In my review of Sidi Touré’s Alafia, I bemoaned in passing the lack of international recognition afforded to Malian women singers and, almost as if in response, the new album by Tamikrest landed on my desk. Hailing from Kidal, a city in the northeast of Mali, the band has been joined for this album by – yes, a high profile woman singer (Wonou Walet Sidati of Tinariwen) – and her outstanding performances here, both leading and alongside the other vocalist, Ousmane Ag Mossa, signal a new confidence within Tamikrest. As a result, Chatma bears all the hallmarks of a musical maturity way in excess of the band’s comparative youth.
Like many other artists from Mali, Tamikrest have found themselves, their families and their friends, profoundly affected by the political upheavals and conflict in Northern Mali, from growing up during the ‘March Revolution’ of 1991, the fallout from 2002’s insurgency in the Maghreb and the Tuareg rebellions of 1990 and 2012. All of this has left the individual musicians keenly aware of the plight of those caught up in armed conflict simply because they happen to be in the wrong place at the wrong time – and invariably the worst casualties of war are women and girls.
Consequently, Tamikrest have called this record Chatma, which means “Sisters” in Tamasheq (the Tuareg dialect spoken by the group), as a mark of respect to “the courage of the Tuareg women, who have ensured both their children’s survival and the morals of their fathers and brothers” and the themes of solidarity and moral indignation are infused throughout. As the lyrics of the opening track Tisnant an Chatma (The Suffering of my Sisters) say:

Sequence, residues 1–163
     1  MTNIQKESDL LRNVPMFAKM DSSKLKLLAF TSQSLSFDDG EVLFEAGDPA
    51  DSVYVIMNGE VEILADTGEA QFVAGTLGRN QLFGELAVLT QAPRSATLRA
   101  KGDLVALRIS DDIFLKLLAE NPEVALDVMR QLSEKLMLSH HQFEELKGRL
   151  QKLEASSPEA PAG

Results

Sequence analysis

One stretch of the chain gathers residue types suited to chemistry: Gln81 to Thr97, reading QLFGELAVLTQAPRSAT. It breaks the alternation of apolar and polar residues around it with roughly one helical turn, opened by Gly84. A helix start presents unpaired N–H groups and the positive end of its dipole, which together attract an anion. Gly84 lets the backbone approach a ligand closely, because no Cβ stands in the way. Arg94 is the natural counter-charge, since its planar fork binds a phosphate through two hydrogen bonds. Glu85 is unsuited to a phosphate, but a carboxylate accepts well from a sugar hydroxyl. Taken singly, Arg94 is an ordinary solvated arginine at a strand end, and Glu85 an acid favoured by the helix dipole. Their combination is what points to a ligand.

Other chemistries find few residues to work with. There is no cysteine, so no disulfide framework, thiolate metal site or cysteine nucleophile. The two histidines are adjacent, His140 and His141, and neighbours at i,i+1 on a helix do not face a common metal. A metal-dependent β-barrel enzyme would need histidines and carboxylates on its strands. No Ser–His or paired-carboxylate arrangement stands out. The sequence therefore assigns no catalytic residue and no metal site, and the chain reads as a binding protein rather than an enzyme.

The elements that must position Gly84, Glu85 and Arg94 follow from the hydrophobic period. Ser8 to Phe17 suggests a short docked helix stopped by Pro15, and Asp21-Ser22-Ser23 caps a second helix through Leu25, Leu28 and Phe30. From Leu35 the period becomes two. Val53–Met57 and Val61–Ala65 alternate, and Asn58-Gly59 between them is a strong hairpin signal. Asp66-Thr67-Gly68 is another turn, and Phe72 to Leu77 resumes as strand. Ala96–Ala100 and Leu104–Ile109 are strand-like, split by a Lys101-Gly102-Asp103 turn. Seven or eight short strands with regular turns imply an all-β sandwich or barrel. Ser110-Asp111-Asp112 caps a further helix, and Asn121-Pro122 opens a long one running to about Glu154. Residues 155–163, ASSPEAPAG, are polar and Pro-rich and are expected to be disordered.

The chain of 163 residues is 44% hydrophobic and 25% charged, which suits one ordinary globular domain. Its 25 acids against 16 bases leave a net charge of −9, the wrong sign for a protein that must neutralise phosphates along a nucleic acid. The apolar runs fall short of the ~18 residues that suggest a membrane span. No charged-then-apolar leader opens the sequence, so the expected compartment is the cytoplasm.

Who can estimate the suffering felt by the soul
of one who sees her sisters exhausted from waiting,
of one who sees her sisters exhausted from waiting between countries,
in deep distress and daily oppression?
Instead of letting themselves be torn apart by their lives’ events, the members of the band have found a sense of shared unity with each other and their communities and it’s implicit in the name Tamikrest. Meaning, roughly, “the knot”, “the junction” or “the coalition” it was chosen carefully by the band’s founders, as Ousmane Ag Mossa explains: “Each of us came from a different place, a different zone […] But we found each other and we had the same ideas, the same intentions. We were like a coalition”. From this alliance comes an inner strength and this shines through the music: tightly meshed and sinuously hypnotic, yet it’s often the spaces between the notes which speak loudest of all.
As for their sound, it seems likely that Tamikrest will have to fend off comparisons with Tinariwen, primarily because both bands have their roots in Touareg music and those shared influences are evident in both bands. But it would be a shame to write them off because of this; you only have to play Chatma back-to-back with Tinariwen’s latest (2011’s Tassili) to hear that Tamikrest have a clear style and sound of their own. Their influences are global in scope: elements of reggae, Western rock and folk musics are all thrown into the musical blender, but the end result is uniquely individual, true to their own culture and heritage. Chatma is possibly one of the most powerful and inspirational records to emerge from the conflict in Northern Mali to date.
Review by: Helen Gregory
Tisnant an Chatma
Tisnant an Chatma
Imanin bas zihoun
Album Stream (via Deezer)
Chatma is released Sept 13th via Glitterbeat Records
Order it here
They are also touring throughout Europe & the UK in October dates can be found here.